Dr Stephen Burke (Rutherford Appleton Laboratory, UK)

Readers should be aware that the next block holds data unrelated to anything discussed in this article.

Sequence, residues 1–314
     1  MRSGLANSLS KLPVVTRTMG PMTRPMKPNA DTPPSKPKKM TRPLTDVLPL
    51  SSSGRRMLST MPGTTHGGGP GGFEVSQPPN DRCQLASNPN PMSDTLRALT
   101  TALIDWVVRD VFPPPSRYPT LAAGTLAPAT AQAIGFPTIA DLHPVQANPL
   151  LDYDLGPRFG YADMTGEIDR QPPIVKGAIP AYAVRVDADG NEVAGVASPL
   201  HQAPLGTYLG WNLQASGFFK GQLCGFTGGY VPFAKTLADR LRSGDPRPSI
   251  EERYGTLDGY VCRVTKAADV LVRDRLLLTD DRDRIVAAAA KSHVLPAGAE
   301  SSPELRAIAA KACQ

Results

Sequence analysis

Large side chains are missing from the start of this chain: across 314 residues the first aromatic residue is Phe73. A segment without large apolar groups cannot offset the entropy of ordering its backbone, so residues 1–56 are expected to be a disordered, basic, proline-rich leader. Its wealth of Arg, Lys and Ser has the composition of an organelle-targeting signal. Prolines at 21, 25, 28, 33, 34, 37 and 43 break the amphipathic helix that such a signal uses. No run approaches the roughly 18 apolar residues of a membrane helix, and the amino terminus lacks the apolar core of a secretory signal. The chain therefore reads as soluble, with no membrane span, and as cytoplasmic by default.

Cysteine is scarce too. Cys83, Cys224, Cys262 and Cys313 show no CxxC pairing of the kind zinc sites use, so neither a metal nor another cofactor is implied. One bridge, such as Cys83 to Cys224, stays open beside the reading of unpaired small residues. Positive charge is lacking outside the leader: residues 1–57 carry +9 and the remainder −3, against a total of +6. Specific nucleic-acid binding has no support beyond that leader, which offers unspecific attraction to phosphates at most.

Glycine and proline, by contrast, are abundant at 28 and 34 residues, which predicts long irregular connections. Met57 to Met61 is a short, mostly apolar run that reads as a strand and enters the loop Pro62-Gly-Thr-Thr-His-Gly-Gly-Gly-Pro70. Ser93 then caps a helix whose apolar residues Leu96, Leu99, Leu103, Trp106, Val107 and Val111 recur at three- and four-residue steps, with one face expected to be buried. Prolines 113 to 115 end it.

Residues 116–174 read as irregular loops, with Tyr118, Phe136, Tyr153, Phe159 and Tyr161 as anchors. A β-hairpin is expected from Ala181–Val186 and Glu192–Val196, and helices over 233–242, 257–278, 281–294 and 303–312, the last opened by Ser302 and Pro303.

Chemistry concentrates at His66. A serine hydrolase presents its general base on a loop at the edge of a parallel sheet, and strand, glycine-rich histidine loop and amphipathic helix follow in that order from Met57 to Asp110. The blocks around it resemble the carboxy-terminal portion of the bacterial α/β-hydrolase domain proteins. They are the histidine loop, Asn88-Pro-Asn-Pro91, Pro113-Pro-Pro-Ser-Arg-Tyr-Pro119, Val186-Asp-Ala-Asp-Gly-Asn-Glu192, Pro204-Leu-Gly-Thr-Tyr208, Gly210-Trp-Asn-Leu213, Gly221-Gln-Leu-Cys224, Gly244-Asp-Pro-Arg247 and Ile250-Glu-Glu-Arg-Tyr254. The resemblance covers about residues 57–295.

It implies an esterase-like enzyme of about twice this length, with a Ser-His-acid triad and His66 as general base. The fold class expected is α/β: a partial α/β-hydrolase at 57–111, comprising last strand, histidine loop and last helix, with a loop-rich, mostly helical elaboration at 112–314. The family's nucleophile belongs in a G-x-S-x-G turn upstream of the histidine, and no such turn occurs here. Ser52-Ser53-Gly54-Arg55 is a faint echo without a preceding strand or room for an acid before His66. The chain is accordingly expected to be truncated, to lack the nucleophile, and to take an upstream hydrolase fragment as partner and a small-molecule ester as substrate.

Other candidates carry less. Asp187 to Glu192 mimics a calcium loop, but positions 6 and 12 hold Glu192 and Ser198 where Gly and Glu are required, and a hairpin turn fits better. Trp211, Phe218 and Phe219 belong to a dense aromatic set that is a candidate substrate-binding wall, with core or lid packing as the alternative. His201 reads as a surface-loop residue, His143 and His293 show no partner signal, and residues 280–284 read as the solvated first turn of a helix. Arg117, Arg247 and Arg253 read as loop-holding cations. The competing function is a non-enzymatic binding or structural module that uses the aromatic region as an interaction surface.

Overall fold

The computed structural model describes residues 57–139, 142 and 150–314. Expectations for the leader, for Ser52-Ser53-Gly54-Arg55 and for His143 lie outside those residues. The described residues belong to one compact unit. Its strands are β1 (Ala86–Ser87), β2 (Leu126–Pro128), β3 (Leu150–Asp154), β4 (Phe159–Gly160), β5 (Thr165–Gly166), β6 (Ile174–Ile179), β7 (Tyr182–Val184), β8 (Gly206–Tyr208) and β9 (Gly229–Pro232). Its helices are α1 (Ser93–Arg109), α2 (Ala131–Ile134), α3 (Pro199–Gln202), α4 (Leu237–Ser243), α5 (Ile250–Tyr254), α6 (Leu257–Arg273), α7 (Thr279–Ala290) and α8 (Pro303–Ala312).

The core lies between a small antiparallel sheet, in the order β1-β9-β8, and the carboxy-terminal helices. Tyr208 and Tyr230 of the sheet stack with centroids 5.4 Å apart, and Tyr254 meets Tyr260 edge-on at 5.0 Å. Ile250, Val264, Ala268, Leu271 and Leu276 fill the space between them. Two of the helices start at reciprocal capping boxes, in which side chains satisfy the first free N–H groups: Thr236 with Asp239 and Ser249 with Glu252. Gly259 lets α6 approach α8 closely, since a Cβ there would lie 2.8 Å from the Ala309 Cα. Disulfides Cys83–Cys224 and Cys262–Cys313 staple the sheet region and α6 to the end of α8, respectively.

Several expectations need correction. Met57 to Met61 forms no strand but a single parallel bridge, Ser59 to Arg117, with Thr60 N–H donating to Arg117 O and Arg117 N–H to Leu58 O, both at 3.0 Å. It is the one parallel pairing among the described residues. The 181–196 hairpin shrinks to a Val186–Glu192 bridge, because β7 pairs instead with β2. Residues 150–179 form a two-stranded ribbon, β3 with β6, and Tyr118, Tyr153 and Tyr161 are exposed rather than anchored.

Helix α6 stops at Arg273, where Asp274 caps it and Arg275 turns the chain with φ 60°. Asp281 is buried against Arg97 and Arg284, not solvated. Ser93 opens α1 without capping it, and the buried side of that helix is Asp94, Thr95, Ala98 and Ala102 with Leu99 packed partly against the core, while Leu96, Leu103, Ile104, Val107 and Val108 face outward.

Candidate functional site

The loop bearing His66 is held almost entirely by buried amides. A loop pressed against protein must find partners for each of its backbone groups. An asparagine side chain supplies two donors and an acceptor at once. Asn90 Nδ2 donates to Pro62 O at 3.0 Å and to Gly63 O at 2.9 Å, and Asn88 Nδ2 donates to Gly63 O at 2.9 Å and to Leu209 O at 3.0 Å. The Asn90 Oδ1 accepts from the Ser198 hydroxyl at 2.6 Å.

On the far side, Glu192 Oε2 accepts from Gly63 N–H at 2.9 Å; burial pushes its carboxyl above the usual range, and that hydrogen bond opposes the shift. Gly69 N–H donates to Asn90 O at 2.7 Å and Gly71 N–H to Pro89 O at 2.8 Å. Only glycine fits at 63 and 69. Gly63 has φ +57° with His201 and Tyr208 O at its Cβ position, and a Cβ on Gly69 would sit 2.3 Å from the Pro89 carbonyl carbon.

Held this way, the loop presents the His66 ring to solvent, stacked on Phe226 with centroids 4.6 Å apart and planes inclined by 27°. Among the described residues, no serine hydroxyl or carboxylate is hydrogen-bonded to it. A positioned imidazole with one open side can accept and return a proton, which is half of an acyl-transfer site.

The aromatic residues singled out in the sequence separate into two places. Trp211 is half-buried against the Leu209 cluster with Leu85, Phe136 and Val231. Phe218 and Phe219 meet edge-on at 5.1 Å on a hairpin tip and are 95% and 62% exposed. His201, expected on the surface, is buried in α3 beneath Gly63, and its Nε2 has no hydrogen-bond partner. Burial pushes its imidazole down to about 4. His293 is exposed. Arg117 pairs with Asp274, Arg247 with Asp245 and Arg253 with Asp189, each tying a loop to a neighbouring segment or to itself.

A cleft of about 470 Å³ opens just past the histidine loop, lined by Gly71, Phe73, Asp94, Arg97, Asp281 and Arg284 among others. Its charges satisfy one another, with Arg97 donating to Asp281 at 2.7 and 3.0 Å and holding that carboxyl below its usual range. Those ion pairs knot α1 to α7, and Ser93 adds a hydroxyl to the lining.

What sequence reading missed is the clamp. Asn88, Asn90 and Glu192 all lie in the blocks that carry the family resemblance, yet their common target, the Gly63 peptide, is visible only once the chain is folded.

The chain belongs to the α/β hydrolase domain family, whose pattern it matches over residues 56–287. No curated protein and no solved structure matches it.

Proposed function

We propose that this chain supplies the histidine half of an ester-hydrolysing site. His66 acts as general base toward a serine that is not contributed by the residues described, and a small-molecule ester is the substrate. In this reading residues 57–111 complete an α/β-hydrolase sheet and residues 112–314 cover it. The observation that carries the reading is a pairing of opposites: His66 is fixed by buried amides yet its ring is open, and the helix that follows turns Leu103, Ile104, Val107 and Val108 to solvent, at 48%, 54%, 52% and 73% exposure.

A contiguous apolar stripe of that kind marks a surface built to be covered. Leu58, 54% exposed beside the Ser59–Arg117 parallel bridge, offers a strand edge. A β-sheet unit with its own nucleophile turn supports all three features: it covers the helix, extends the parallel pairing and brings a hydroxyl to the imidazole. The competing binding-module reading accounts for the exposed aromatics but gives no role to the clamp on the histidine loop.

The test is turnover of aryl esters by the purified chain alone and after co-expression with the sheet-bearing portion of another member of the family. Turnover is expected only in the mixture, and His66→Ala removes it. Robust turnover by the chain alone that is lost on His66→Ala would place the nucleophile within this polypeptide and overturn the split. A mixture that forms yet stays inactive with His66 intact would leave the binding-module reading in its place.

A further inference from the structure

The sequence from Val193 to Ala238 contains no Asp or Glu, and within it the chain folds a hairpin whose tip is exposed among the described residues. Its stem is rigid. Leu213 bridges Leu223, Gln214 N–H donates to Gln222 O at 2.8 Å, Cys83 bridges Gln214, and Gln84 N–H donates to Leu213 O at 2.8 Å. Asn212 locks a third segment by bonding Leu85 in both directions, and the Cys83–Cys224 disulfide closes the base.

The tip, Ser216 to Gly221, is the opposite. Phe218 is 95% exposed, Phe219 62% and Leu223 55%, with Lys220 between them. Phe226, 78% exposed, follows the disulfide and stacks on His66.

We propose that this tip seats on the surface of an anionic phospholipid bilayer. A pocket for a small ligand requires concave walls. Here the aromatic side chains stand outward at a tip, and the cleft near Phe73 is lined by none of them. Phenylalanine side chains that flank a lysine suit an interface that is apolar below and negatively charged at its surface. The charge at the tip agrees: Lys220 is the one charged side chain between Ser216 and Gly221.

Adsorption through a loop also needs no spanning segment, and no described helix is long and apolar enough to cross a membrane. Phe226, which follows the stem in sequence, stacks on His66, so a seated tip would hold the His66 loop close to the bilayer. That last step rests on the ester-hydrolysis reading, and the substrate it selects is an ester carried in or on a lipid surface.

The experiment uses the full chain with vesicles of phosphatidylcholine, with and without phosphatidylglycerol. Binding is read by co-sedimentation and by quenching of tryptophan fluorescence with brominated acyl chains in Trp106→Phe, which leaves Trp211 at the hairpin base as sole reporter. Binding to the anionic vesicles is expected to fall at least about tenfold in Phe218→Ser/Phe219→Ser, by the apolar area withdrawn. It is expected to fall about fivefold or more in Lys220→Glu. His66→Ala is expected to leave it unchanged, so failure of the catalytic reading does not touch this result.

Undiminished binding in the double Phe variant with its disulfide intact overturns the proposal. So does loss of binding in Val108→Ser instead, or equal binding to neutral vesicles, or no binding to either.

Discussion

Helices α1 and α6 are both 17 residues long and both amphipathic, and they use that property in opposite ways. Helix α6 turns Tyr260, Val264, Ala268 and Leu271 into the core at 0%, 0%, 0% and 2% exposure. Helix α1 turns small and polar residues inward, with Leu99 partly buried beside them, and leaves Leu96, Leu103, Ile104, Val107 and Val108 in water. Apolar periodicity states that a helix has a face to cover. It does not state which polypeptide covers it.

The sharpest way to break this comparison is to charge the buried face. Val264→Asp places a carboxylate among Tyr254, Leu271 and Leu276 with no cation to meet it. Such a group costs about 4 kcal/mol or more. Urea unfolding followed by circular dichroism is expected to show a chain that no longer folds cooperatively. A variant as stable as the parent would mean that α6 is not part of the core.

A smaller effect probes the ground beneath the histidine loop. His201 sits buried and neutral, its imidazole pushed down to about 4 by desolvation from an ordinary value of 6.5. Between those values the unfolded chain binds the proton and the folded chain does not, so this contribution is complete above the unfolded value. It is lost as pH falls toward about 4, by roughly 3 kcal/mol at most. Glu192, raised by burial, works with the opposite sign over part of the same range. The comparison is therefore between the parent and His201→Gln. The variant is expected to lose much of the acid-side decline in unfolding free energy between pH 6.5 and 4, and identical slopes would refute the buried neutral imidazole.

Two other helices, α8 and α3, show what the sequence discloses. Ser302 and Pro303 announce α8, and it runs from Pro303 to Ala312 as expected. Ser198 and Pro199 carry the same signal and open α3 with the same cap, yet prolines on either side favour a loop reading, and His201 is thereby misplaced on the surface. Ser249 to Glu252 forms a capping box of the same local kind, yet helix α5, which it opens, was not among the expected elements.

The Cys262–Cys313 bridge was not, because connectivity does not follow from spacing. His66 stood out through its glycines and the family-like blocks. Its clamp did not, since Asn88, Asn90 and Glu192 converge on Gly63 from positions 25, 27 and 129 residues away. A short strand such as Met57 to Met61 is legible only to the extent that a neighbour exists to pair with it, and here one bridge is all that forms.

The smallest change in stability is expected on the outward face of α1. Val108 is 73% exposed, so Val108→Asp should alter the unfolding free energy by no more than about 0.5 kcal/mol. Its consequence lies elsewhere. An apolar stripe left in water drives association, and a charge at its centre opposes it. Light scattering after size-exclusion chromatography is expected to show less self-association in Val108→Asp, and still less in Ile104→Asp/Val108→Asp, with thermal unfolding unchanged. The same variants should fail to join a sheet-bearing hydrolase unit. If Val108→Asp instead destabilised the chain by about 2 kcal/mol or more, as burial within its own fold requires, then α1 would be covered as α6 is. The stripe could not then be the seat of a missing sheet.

A common information schema for the description of Grid resources and services is an essential requirement for interoperating Grid infrastructures, and its implementation interacts with every Grid component. In this context, the GLUE information schema was originally defined in 2002 as a joint project between the European DataGrid and DataTAG projects and the US iVDGL (the predecessors of the current EGEE/LCG and OSG Grids). It has since had three backward-compatible upgrades, with the latest version (1.3) being deployed this year. The schema has major components to describe Computing and Storage Elements, and also generic Service and Site information. It has been used extensively in the LCG/EGEE Grid, for job submission, data management, service discovery and monitoring. In this paper we present the experience gained over the last five years, highlighting both successes and problems. In particular, we consider the importance of having a clear definition of schema attributes; the construction of standard information providers and difficulties encountered in mapping an abstract schema to diverse real systems; the configuration of publication in a way which suits system managers and the varying characteristics of Grid sites; the validation of published information; the ways in which information can be used (and misused) by Grid services and users; and issues related to managing schema upgrades in a large distributed system.